The OLC's backwards view of the president's and Senate's respective powers is akin (as I previously noted) to the Senate arguing that the president must make a treaty because not to make treaties would unconstitutionally "prevent" the Senate from ratifying treaties. Just as the Senate's power treaty vests only once the president supplies the necessary prerequisite, so it is with the president's recess appointment power, which is triggered only by the Senate going into recess.
The OLC opinion is marred by other flaws of logic. For most of the opinion, OLC stresses that test of whether the Senate is in "recess" must be a "practical" inquiry governed by substance, not form: was the Senate really "available to perform its advice-and-consent function"? But when faced with the fact that the Senate actually is available during its adjournments, and in some cases even passed legislation and conducted other business during similar "recesses," the OLC suddenly pivots from substance to strict formality: Even though the Senate can do business during pro forma sessions, OLC argues, the Senate's scheduling orders say that there will be "no business conducted," and the president may "rely" on those public pronouncements.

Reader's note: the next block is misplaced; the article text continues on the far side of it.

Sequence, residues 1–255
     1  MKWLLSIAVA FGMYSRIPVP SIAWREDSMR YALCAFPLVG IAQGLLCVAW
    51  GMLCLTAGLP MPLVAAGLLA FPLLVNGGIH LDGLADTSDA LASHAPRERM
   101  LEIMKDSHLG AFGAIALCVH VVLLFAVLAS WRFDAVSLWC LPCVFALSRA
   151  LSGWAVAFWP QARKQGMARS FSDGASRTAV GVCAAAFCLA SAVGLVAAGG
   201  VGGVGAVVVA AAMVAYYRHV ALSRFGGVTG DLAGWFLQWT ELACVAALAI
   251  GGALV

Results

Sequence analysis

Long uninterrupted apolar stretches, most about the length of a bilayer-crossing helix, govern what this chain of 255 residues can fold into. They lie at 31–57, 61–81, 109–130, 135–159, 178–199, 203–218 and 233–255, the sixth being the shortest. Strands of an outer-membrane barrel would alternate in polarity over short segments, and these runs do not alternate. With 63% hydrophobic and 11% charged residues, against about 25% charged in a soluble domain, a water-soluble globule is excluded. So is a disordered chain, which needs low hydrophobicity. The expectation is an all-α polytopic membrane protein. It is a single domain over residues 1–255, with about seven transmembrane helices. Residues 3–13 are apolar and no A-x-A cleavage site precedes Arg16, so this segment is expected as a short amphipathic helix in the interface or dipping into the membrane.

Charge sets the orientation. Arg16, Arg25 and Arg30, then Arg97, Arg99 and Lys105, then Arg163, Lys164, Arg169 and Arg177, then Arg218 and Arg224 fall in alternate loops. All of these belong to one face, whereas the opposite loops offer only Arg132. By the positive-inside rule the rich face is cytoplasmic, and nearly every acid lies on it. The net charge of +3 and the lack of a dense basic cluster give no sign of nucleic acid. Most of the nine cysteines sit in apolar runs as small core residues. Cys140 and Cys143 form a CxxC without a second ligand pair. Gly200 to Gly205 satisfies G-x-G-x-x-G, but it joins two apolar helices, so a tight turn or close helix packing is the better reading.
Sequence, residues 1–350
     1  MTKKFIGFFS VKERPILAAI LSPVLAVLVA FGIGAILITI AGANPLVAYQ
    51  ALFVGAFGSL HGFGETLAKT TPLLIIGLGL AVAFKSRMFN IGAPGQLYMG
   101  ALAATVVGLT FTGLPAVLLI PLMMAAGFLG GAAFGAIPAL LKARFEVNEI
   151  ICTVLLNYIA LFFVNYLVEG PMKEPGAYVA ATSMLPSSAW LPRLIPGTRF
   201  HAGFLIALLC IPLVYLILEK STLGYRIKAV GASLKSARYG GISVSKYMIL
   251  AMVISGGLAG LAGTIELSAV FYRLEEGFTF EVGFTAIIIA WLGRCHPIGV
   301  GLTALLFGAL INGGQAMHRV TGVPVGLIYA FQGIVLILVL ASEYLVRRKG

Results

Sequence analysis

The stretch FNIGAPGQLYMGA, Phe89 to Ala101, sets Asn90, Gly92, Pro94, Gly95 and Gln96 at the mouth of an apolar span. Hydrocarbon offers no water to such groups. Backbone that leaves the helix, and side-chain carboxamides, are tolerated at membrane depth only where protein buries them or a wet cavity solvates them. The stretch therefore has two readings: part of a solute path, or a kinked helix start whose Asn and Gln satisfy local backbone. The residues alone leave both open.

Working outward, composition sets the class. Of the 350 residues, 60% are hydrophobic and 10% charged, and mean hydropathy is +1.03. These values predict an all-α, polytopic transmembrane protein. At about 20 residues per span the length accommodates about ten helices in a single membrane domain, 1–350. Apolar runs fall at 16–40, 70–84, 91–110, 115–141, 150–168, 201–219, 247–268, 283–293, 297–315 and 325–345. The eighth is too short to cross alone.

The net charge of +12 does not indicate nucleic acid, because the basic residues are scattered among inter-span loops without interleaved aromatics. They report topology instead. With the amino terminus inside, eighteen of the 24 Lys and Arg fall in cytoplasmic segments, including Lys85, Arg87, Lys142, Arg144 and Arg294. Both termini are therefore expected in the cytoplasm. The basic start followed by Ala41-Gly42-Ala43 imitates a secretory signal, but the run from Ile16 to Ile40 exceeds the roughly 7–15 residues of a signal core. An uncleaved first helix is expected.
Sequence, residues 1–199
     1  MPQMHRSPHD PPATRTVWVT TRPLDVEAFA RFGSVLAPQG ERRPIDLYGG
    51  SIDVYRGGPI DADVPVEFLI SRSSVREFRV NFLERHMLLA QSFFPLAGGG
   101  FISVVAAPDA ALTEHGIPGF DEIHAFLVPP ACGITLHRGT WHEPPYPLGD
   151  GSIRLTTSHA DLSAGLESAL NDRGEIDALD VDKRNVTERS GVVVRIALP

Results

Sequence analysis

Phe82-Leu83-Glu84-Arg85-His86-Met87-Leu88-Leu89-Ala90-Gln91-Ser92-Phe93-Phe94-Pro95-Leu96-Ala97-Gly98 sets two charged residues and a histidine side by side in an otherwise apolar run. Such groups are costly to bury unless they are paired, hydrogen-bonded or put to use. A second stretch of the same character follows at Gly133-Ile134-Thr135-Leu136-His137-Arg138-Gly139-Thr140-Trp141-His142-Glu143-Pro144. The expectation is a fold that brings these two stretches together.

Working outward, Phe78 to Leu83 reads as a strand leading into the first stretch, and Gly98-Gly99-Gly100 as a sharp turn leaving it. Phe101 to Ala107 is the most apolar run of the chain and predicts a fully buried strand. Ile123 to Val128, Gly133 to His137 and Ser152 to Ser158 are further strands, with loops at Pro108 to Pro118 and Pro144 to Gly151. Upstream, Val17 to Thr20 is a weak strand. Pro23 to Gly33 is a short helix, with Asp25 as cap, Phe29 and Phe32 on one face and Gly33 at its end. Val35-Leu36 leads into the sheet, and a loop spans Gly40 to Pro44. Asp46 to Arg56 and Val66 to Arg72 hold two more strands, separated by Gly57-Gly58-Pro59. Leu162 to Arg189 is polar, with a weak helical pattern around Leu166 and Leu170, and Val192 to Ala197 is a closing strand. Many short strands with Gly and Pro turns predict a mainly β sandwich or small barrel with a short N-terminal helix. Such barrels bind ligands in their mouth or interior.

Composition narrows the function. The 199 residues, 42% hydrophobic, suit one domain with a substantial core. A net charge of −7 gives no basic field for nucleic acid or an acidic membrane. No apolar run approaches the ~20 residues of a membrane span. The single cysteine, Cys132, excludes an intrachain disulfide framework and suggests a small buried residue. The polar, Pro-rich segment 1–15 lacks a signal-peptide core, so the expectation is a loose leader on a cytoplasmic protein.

Legal opinions, laden with citations to precedents, are inherently backward looking. But in this case, the most important view is the road ahead. President Obama has dramatically increased presidential power, and in service of an extremely controversial appointment. Republicans will not let Democrats forget this. Future Republican presidents and presidential nominees will face strong pressure from the base to repay the Democrats in kind.
Adam J. White is a lawyer in Washington, D.C.